Forage fish. That’s what scientists call the menhaden, sardines, anchovies, herring and others that larger fish, marine mammals, and seabirds eat. Worldwide, they contribute some $17 billion directly and indirectly as commercial catch.
According to a 2012 report by the Lenfest scientific task force, these minnows and bait fish constitute one-third of the world’s marine fish catch. And some of these forage fish populations have collapsed under such intense fishing pressure.
Nothing like that has happened in Florida — yet. But a coalition of angling and research groups wants to make sure it doesn’t.
The International Game Fish Association — partnered with the Guy Harvey Ocean Foundation, Pew Environment Group, and the Florida Wildlife Federation — is mounting a campaign to put forage fish on the radar of Sunshine State anglers and fisheries managers (http://floridaforagefish.igfa.org).
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“They don’t have the rigorous management that other fish do,” IGFA conservation director Jason Schratwieser said. “We’re trying to be proactive. We want to get a grassroots swell and work with key people.”
The coalition proposes to bring up the issue at the June meeting of the Florida Fish and Wildlife Conservation Commission. Although Schratwieser says it’s impossible for the commission to conduct a stock assessment of every bait-fish species found in Florida, it should take a precautionary approach to new commercial fisheries that might emerge.
As an example, “not allowing the floodgates to open if someone comes over and decides that Atlantic silversides will make you live to 152,” Schratwieser said.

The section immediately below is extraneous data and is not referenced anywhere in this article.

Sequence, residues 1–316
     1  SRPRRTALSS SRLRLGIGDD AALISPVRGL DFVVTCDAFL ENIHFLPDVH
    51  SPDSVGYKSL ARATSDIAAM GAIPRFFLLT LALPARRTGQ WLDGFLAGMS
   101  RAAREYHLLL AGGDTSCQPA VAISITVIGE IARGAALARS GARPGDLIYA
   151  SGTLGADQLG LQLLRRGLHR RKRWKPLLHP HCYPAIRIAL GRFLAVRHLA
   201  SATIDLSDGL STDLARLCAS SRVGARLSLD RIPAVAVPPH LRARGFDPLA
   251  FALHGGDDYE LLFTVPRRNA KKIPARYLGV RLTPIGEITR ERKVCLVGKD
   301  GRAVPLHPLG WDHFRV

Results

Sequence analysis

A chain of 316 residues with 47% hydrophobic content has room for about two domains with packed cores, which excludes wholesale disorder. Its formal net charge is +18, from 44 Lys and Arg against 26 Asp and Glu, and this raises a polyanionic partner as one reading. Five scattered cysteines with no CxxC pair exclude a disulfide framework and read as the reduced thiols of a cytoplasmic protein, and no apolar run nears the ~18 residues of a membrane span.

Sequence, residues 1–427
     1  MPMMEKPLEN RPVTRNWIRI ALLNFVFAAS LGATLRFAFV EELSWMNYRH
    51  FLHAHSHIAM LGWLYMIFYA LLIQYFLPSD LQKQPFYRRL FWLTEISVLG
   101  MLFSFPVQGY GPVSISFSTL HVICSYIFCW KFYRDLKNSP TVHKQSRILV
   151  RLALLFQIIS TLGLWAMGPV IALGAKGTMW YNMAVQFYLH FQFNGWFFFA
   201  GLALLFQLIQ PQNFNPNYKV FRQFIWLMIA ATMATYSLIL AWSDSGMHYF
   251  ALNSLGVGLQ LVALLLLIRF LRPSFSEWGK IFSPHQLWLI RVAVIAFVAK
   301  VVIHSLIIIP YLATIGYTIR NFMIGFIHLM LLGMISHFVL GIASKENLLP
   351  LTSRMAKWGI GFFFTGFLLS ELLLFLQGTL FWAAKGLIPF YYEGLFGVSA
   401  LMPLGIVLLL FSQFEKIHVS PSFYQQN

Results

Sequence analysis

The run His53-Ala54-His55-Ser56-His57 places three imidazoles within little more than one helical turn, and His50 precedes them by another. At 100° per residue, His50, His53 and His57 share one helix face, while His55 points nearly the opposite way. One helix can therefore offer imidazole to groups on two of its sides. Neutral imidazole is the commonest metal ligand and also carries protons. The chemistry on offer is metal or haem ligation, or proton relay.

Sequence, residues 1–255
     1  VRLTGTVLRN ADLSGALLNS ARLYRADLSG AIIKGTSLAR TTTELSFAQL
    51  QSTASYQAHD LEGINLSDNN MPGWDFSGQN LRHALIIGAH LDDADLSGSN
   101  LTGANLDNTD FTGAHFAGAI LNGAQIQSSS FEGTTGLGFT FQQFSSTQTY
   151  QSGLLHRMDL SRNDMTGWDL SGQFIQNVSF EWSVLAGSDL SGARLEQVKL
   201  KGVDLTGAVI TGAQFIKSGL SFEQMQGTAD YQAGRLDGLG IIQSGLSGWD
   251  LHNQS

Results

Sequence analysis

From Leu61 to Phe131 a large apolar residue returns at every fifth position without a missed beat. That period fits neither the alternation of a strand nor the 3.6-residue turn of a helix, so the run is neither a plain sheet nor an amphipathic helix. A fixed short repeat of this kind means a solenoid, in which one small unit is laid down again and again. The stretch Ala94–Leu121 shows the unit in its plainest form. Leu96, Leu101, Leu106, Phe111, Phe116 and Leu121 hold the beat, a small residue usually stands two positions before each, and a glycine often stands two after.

The conservationist complimented the agency’s management of important bait species such as mullet, and its decision last year to limit the harvest of sea cucumbers amid a burgeoning Asian market for the bottom-dwellers. Schratwieser said he would like to see a management strategy for forage fish populations that would become a template for other states.
“We need to go from single-species fisheries management to more of an ecosystem-based fishery management,” he said.
Elsewhere in the world, forage fish are harvested mostly to turn into poultry feed, fish food and cosmetics. Very little is actually eaten by people, according to the Lenfest task force. These fish are small and form huge schools, making them easy to catch. The scientists recommend cutting the catch rates in half in many ecosystems and leaving twice as many forage fish in the water to be consumed by natural predators.
In Florida, economically important sport-fish species such as snook, tarpon, sailfish and tuna depend on healthy populations of bait species such as mullet, threadfin herring, pilchards and goggle-eyes (big-eye scad). So conserving game-fish food becomes as important as conserving game fish, Schratwieser said.
“At the end of the day, you can put all the slot limits, bag limits and seasonal closures you want,” he said. “But if [game fish] don’t get enough to eat, there aren’t going to be many of them.”